There appears to be some light ahead for mortgage insurers.
Radian Group Inc. reported a sunny outlook last week despite a spike in insurance claims that contributed to a 30.7% decline in first-quarter net income, to $113.5 million. Related Links Complete 1Q 2007 Earnings Coverage
The Philadelphia mortgage insurer and financial guarantor is "getting less concerned over time with what we are seeing through the rearview mirror and more excited about what we are seeing … through the windshield," chief executive Sanford A. Ibrahim said on a conference call Wednesday. "What we want to leave behind us is passing by each day."
Geoffrey Dunn, an analyst at KBW Inc.'s Keefe, Bruyette & Woods Inc., said Friday that mortgage insurers took hits in the first quarter because of an increase in loss severity - a problem he called temporary.
"The pressure on losses and reserves reflects a seasoning of the book and a changing delinquency mix toward higher loan values, not an underlying credit problem," Mr. Dunn said.
"This issue can be gradually worked through over the next 12 to 18 months and lead to gradually improving returns."
Mortgage insurer stocks rallied last week because "the market was expecting a lot worse adjustments to earnings and there's no evidence that there's a credit problem," he said.
Radian increased its loss provision by 36.1% year-over-year, to $107 million, and the company raised its guidance for paid claims for the full year to a range of $380 million to $410 million, from $340 million to $370 million.
But the company left its 2008 claims projection of $350 million to $400 million unchanged, saying it expects to work past the higher claims from large amounts of bulk coverage written from 2003 to 2005. Radian said it is insulated against more recent vintages because it has been taking second-loss positions and backing away from second-lien coverage.
Radian also gave an update on a large second-lien transaction that prompted an outsize provision in the third quarter. "Through the first quarter, although delinquency counts have begun to stabilize, the deal has not shown the kind of improvement we had anticipated," C. Robert Quint, the chief financial officer, said on the call. "We are working constructively with our counterparty to attempt to satisfy all claim issues in a fair way that mitigates overall losses."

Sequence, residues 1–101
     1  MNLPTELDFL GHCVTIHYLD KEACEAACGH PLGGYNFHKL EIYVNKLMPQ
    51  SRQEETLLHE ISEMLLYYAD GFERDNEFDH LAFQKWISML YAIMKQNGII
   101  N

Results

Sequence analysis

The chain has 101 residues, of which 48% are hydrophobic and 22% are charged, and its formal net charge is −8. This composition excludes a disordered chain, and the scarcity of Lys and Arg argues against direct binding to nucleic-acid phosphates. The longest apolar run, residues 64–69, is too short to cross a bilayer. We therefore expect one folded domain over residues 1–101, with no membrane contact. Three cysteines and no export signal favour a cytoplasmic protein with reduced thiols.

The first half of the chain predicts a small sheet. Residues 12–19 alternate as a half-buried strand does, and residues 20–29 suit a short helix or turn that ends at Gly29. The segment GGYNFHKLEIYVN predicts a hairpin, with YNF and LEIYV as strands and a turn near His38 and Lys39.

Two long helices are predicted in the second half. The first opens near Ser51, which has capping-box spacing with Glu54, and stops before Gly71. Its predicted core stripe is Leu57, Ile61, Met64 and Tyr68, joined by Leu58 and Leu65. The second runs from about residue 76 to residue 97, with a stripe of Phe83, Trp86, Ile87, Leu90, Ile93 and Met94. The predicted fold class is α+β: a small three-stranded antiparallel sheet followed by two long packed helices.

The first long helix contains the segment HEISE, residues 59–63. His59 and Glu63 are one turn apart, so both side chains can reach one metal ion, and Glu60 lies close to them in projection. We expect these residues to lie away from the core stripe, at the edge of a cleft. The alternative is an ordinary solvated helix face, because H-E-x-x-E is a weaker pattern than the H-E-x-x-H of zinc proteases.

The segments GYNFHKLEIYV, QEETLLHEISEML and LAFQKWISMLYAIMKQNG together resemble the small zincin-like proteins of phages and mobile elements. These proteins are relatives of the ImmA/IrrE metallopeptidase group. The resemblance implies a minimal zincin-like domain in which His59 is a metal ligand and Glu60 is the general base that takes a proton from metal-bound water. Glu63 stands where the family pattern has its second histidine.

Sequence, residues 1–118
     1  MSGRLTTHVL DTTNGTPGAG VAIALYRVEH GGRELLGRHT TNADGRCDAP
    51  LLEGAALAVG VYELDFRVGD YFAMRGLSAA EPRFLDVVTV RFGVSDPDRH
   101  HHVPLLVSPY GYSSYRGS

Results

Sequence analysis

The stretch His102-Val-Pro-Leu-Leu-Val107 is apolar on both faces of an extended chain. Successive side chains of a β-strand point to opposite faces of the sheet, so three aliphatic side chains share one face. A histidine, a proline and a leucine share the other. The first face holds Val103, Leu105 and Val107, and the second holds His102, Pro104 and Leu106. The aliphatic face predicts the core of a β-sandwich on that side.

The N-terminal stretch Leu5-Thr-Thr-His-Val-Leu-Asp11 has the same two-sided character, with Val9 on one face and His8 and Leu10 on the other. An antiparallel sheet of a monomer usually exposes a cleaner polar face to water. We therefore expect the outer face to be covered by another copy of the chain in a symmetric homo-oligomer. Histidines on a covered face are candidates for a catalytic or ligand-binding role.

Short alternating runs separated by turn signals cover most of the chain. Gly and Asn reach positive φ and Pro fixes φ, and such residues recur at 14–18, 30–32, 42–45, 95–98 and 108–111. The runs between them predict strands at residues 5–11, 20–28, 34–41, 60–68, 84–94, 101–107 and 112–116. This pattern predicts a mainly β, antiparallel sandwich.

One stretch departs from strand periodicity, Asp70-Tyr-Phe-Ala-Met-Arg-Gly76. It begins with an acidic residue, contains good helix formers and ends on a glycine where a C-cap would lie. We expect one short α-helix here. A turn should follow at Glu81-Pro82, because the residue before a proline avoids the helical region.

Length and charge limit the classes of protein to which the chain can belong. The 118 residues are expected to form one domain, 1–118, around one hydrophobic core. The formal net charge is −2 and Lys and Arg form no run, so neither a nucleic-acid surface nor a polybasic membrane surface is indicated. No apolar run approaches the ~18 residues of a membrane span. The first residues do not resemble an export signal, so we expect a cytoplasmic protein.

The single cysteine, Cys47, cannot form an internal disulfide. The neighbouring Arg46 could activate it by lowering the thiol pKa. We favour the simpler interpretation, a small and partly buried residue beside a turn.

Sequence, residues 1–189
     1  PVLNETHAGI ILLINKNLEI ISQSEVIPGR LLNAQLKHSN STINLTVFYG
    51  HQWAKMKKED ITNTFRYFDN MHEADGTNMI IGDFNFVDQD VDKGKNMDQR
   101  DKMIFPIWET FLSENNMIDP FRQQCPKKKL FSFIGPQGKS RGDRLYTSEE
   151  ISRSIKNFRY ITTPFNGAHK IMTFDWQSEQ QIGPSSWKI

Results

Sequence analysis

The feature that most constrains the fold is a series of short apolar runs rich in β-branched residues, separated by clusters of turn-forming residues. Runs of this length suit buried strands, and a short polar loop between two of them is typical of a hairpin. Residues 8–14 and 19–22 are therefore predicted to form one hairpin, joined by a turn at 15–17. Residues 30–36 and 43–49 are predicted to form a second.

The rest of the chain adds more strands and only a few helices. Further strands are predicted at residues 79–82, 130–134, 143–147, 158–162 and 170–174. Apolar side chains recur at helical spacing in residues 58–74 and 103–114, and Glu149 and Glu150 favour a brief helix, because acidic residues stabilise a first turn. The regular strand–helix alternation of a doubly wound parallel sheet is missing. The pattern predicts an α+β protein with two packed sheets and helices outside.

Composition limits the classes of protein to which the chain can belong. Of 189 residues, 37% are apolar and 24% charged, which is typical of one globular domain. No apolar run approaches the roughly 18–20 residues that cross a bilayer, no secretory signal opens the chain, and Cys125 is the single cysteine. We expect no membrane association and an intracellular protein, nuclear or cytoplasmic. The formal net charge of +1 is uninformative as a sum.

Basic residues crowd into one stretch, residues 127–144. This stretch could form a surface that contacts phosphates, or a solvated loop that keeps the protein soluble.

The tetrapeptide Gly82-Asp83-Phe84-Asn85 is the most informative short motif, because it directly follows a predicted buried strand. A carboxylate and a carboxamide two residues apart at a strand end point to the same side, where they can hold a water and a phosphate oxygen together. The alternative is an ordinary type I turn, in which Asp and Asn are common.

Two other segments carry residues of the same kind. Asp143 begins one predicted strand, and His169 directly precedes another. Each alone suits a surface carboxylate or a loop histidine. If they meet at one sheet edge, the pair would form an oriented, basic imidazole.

In March National City Corp. in Cleveland said an insurer had rejected "a meaningful number of claims filed" on a portfolio of second mortgages it had retained after selling the subprime unit First Franklin Financial Corp. At the time, people familiar with the situation told American Banker that the insurer was Radian.
So far, Radian said, claims from the deal were $21 million and it has reserved another $27 million.
Radian reported a 34.7% rise in flow mortgage insurance written, to $7 billion. Mark Casale, the president of Radian Guaranty Inc., pointed to a drop in production of piggyback mortgages, which compete with mortgage insurance, and a "little bit" of a contribution from a newly enacted tax deduction on mortgage insurance premiums.
Also, he said, the company's familiarity with Wall Street firms through its guarantee business was giving it a leg up as such firms have become more involved in mortgages. Radian has agreed to merge with MGIC Investment Corp. in Milwaukee.
PMI Group Inc. is scheduled to report first-quarter results today. Keefe Bruyette's Mr. Dunn said the Walnut Creek, Calif., insurer probably will report similar problems with delinquencies and severity but that he expects the company's top-line growth will show some improvement.